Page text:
Friday, January 25, 2008

Does life imitate art?

I've been reading the Baltimore Sun a lot lately, and several times I've been struck by events in life that are analogous to events on "The Wire."

The first thing I noticed was that there are suspicions that the real Baltimore is juking the stats. The rate of violent crime is on the decline in Baltimore, while the murder rate is again on the rise (it has fallen every year since 1999, but spiked again in 2007). That's interesting, right? Public officials are quick to remind the public that most murders are perpetrated by young black men on other black men, the vast majority of whom are involved in the illegal drug trade. They allay the fears of the taxpayers by reinforcing the idea that some people's lives matter and some don't.

David Simon says Carcetti is fictional, but he may as well be Martin O’Malley. They look alike, they sound alike, and they are the golden boys of Maryland politics. They both have black female heads of city council. They even pull the same political maneuvers. Carcetti demanded that the bodies in the vacants be found before January, so he could blame those murders on Royce’s administration. When O’Malley took office in 1999, he commissioned an audit of that year’s crime statistics. Whereas Kurt Schmoke (the black incumbent who is secretly pro-drug legalization, just like Royce) had juked the stats to make 1999 look like the safest year in decades, O’Malley turned the statistics upside down (his own version of juking the stats). Whereas crimes were being classified as lesser, technically nonviolent offenses, O’Malley’s administration retroactively changed them, making 1999 the most violent year in Baltimore in twenty years. Of course afterwards, he could continue juking the stats just like Schmoke did to make it look like the rate of violent crime was going down. In 2006 O’Malley had the audacity to announce, in a city with a murder rate 7 times that of New York City, that he had been responsible for lowering the rate of violent crime by 40%. Are you fucking kidding me?

On to Wire parallel number two: the city is selling things at half price to developers, essentially robbing tax payers while rewarding developers who have made political contributions. Yesterday the Sun reported that a developer called "Fells Point Station" has purchased a long-vacant police station at 1661 Bank Street for $584,000, well under the building's appraised value of $1 million. While I doubt this is the first instance of this actually occurring, this is the first incident that has become widely publicized. Although the Sun's article on this was critical of the city government's actions, there was one bit that was confusing enough to some people to shut them up. The article lists the appraised value of the building at $1 million and then indicates that thousands of dollars of work will have to go into clearing out asbestos, lead paint, and other hazards. In the comments after this article, many people said it was OK to sell at that price because of the work that needed to be done. But what people don't seem to understand is that those things were factored into the $1 million appraised value. The city was robbed of $416,000. Why?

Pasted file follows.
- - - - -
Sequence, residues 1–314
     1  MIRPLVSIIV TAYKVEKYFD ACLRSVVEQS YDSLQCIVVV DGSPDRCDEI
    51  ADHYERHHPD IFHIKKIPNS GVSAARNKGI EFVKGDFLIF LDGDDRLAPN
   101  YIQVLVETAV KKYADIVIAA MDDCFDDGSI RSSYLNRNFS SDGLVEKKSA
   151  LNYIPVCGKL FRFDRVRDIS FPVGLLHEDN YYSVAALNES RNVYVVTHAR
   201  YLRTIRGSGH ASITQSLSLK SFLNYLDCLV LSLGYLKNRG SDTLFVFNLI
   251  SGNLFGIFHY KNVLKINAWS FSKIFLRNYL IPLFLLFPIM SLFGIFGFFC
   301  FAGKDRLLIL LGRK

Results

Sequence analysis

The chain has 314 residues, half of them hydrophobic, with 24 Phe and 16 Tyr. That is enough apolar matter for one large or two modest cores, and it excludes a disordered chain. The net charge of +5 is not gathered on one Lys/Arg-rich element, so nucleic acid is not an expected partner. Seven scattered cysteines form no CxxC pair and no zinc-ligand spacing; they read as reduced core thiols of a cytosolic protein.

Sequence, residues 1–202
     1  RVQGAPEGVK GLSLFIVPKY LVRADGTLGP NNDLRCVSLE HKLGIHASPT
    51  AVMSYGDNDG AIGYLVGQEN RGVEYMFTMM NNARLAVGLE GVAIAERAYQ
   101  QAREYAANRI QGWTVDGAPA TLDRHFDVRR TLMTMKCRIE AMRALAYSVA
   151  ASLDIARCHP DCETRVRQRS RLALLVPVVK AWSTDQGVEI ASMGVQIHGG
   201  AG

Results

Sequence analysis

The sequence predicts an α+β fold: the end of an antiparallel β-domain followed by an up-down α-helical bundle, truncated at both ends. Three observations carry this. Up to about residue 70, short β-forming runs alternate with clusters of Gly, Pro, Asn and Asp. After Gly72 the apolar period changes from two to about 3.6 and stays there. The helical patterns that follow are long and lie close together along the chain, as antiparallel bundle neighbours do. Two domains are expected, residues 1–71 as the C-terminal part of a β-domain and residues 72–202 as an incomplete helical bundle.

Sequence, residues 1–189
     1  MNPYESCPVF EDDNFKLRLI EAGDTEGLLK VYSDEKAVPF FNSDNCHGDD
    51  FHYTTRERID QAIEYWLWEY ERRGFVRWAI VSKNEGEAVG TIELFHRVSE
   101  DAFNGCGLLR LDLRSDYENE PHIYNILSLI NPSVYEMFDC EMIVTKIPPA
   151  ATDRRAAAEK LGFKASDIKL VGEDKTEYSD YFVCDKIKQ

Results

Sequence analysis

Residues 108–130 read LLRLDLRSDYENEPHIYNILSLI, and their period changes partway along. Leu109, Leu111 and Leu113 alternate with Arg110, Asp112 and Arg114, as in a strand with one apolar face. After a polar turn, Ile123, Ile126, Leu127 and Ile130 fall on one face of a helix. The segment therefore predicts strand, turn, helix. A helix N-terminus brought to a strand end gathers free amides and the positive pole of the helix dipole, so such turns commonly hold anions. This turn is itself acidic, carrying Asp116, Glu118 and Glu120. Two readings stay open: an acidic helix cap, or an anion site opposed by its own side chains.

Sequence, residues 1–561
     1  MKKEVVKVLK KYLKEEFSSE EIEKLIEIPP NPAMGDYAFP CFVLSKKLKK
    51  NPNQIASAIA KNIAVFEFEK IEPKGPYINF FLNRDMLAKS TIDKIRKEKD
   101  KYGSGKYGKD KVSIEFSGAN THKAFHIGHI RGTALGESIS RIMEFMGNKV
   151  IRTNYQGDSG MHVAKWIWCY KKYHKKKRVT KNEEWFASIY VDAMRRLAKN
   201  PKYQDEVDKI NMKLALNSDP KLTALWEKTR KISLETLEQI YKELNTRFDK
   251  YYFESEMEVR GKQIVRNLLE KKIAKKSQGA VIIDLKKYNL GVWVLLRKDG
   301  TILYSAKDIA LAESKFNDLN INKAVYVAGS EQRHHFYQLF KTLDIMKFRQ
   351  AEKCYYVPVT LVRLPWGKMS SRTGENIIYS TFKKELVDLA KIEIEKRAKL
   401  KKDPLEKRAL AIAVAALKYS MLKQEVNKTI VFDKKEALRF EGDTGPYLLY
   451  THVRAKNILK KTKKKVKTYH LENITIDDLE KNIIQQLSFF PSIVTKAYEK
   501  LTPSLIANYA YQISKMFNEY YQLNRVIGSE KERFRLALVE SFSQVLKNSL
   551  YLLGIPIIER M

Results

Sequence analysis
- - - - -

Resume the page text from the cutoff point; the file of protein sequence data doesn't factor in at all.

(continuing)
Because Daniel P. Henson (former city housing commissioner) and A. Rod Womack (CEO of CIMG, a developer) comprise "Fells Point Station." Henson gave $6000 to Sheila Dixon and Martin O'Malley, among others, and Womack has given $3000 to Democrats. A little bit of digging on the part of the Sun revealed that a Catherine Fennell is also employed by CIMG. She was the city's director of development until 2000, when she was forced to step down because it came to light that she was working for the city as well as a developer who had business with her office. What. The. Fuck.

On to parallel number three: guys being shot in a liquor store. This is kind of a stretch, but I don't care. The first thing I thought about when I read the Sun this morning and saw that two men had been shot in a liquor store on North Stricker Street was the incident with Snoop and Chris shooting up the liquor store in search of Omar. Now I know that some people might think that crap like that happens all the time in Baltimore, but that is not the case. Most Baltimore shootings occur in the streets and victims are found in the streets or alleys. You rarely hear about a shooting happening in a place of business (sometimes in a house, sometimes at a party, but rarely at a store).

While I do think these are just interesting coincidences, they're interesting nonetheless.

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